Clinician feedback needed for RBWH gestational diabetes research
Temporary changes to the national screening and diagnosis of gestational diabetes during COVID-19 restrictions, as developed by Royal Brisbane and Women’s Hospital (RBWH), may result in new Australian guidelines.
A formal evaluation of the changes, which could see around 19 out of 20 women avoiding an oral glucose tolerance test by having a one-off fasting blood test instead, is being funded by the RBWH Foundation Coronavirus Action Fund.
About 15 per cent of pregnant Australians are diagnosed with gestational diabetes mellitus (GDM), usually between the 24th and 28th weeks of pregnancy. Because of this, more than 300,000 oral glucose tests are performed in Australia each year.
RBWH is now seeking clinicians who used the new blood test alternative to traditional glucose testing, to share their feedback in a telephone interview.
Interested clinicians can register here.
“A reduction in unnecessary glucose testing may well be one of the silver linings to the cloud cast by COVID-19,” said RBWH Foundation CEO Simone Garske.
“The Gestational Diabetes Mellitus (GDM) oral glucose tolerance test involves drinking a very sugary liquid and undertaking several blood tests, which can take up to three hours of women’s time.
“To think RBWH Foundation funded research may reduce the need for this test for potentially thousands of women each year is extremely exciting.”
With endorsement from the Australasian Diabetes in Pregnancy Society, Queensland was the first to introduce the new testing algorithm and it was quickly adopted by clinicians nationally.
RBWH Senior Dietitian and Research Fellow, Dr Susan de Jersey, said her team’s research would evaluate the impact of these changes on both maternal and infant outcomes, and on screening process measures including cost.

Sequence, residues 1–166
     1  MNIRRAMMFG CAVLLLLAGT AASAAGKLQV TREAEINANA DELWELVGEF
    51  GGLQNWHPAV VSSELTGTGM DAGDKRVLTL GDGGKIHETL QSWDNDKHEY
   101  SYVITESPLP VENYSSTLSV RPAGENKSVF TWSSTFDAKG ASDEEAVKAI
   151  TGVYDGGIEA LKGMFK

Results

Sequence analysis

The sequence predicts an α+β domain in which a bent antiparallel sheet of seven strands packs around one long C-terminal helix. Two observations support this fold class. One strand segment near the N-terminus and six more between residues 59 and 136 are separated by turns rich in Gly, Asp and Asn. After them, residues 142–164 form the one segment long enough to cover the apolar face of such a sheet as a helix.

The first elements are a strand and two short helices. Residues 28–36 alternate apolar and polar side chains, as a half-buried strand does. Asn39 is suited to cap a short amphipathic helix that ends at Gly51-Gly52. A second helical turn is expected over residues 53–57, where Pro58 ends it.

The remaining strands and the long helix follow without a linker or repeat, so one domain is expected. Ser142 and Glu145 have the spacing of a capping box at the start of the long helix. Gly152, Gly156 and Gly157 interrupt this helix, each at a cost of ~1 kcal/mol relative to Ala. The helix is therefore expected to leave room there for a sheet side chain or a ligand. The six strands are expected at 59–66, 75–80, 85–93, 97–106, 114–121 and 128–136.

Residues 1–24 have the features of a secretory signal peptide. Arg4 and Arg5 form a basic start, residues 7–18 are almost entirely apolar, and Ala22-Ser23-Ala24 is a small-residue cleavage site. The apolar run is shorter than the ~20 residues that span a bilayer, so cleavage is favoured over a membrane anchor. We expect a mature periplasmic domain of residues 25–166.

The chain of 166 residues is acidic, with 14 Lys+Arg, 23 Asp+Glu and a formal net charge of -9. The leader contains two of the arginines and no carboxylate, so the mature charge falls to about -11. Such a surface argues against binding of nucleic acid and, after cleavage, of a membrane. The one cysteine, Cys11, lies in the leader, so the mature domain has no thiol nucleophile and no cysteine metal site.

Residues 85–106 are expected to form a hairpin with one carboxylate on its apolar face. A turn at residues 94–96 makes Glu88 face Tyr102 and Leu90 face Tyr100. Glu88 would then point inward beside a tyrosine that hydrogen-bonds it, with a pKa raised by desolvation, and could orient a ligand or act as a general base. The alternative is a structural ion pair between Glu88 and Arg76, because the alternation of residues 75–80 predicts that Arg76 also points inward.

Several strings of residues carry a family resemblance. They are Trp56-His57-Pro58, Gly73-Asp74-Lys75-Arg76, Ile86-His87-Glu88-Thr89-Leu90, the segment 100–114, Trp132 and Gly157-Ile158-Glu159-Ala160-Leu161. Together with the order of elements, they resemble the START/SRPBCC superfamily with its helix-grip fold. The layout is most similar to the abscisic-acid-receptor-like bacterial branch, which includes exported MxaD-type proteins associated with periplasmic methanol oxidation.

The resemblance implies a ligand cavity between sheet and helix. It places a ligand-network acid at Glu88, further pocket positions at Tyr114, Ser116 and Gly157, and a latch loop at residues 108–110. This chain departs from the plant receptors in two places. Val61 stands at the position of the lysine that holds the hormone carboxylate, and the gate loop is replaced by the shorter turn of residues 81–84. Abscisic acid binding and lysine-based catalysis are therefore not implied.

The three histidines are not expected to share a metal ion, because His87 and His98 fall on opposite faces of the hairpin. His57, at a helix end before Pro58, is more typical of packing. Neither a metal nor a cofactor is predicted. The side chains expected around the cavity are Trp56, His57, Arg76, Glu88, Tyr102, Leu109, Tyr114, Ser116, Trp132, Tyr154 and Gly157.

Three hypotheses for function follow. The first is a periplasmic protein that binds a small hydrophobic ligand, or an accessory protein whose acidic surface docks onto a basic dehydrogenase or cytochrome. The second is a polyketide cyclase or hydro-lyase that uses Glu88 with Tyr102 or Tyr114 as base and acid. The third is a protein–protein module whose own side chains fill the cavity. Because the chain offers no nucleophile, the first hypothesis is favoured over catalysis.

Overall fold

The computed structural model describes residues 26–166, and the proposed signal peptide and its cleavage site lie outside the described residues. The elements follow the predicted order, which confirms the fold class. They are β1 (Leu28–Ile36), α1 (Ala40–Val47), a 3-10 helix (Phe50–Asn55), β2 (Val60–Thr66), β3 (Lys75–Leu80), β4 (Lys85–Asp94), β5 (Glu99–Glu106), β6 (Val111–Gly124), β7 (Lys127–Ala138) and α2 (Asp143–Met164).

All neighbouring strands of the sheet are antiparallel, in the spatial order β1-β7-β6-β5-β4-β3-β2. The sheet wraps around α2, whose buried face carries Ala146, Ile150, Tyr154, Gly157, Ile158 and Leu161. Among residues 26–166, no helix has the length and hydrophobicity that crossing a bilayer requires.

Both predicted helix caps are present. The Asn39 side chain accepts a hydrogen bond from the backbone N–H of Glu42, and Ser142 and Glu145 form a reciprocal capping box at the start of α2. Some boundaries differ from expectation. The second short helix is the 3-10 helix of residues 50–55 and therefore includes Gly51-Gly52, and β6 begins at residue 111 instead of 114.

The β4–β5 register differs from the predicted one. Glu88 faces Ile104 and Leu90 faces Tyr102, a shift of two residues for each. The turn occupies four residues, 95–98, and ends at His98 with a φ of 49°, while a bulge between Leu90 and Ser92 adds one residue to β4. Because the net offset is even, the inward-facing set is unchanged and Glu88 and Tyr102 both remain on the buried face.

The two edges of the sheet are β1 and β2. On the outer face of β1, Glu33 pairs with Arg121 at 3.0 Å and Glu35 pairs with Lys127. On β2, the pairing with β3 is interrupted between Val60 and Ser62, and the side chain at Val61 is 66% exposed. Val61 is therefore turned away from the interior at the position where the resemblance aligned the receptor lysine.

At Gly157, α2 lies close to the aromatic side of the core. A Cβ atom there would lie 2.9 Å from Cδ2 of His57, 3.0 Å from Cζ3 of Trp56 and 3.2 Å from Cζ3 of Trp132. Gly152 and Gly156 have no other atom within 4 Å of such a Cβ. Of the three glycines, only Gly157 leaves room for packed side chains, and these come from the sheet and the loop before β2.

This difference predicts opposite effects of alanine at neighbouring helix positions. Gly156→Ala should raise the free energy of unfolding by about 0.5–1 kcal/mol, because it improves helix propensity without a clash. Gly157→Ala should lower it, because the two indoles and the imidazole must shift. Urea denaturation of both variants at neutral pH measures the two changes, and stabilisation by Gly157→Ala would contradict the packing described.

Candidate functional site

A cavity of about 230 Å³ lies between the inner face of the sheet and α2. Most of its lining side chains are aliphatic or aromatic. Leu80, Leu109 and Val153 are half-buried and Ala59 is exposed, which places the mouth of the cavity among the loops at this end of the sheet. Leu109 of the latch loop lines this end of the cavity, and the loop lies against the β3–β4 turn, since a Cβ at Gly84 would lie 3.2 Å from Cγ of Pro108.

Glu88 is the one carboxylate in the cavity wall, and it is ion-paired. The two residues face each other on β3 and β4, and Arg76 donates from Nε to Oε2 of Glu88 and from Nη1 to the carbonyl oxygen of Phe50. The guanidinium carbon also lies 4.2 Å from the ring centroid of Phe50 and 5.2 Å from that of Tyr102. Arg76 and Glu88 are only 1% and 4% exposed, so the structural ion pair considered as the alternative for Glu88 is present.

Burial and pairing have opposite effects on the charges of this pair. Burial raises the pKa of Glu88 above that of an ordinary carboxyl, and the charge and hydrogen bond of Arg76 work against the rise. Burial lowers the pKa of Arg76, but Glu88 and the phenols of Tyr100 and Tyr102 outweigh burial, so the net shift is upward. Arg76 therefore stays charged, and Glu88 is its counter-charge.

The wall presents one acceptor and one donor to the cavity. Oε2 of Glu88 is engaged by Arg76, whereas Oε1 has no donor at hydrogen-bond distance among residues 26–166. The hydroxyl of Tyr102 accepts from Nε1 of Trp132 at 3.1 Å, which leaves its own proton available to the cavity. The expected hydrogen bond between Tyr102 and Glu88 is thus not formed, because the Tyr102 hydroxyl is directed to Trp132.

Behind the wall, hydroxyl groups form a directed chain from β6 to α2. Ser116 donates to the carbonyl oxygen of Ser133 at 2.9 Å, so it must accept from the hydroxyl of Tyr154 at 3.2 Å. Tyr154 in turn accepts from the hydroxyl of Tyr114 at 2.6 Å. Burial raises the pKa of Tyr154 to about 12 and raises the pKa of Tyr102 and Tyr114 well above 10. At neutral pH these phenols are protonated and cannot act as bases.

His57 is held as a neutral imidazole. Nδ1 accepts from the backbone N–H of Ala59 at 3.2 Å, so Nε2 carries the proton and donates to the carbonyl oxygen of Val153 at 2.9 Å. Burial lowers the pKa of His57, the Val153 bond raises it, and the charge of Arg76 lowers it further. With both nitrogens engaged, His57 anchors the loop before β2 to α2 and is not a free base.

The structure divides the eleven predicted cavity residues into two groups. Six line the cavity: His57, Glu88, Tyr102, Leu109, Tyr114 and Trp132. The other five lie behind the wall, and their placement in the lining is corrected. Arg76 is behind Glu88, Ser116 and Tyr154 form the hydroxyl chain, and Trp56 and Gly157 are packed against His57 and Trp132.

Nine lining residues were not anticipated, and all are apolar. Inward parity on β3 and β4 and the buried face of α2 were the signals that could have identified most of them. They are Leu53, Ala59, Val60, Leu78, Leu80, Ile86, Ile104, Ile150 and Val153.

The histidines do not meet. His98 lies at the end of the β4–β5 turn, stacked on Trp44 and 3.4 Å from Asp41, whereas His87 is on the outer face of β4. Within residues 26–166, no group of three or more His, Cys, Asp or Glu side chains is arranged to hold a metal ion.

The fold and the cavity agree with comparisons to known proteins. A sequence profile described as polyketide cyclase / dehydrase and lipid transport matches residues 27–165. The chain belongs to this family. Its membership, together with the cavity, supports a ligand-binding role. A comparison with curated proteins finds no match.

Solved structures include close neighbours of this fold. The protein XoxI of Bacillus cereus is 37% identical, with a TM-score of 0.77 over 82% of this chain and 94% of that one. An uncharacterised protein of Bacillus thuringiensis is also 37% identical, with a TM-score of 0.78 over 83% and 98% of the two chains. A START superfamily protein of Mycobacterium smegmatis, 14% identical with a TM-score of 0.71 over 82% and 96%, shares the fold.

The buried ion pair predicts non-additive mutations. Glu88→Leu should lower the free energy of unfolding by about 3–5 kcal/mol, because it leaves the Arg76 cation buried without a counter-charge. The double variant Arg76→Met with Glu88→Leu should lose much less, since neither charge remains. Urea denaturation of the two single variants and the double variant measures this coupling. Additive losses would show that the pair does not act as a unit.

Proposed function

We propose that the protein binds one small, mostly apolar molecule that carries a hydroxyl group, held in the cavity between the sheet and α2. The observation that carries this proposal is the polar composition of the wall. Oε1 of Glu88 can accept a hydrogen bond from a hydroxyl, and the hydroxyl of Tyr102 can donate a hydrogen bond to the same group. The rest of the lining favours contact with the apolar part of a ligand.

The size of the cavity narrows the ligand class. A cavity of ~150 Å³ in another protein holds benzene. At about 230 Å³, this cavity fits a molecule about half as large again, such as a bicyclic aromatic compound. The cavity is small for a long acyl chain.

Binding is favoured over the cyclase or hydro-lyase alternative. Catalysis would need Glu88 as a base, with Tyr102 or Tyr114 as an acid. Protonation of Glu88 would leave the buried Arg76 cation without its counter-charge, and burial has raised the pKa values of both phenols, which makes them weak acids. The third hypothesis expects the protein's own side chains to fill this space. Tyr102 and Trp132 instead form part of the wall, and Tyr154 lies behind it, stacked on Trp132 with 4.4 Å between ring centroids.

“During the initial pandemic lockdowns, we didn’t want to put immunocompromised pregnant women at unnecessary risk by having them sit in a pathology lab for a number of hours, so we implemented the changes to testing,” she said.
“The goal of the research is to see if these changes are worth continuing beyond the pandemic in Australia,” said Dr de Jersey.
“We hope our formal review will confirm that outcomes for mothers and babies is as good as sending all pregnant woman for an oral glucose tolerance test.
“These changes could save time for women and clinicians, as well as reduce costs associated with unnecessary testing.”
The aim of the RBWH Foundation Coronavirus Action Fund research grants was to improve COVID-19 treatments and testing, and analyse unprecedented changes in the way RBWH delivered healthcare as a result of the pandemic.
“We wanted to ensure that the Foundation’s COVID-19 grants covered a wide range of COVID-19 research areas,” said Ms Garske.
“Some of the other research projects include the impact of life-support equipment on COVID-19 drugs, a new fast-response, low-cost COVID-19 test and an analysis of the length of time clinicians can wear PPE (Personal, Protective Equipment) without taking a break.”
RBWH Foundation’s Coronavirus Action Fund was launched in March 2020 and has received community support ensuring world-leading RBWH clinical researchers, with their vast expertise, can join the global race against coronavirus.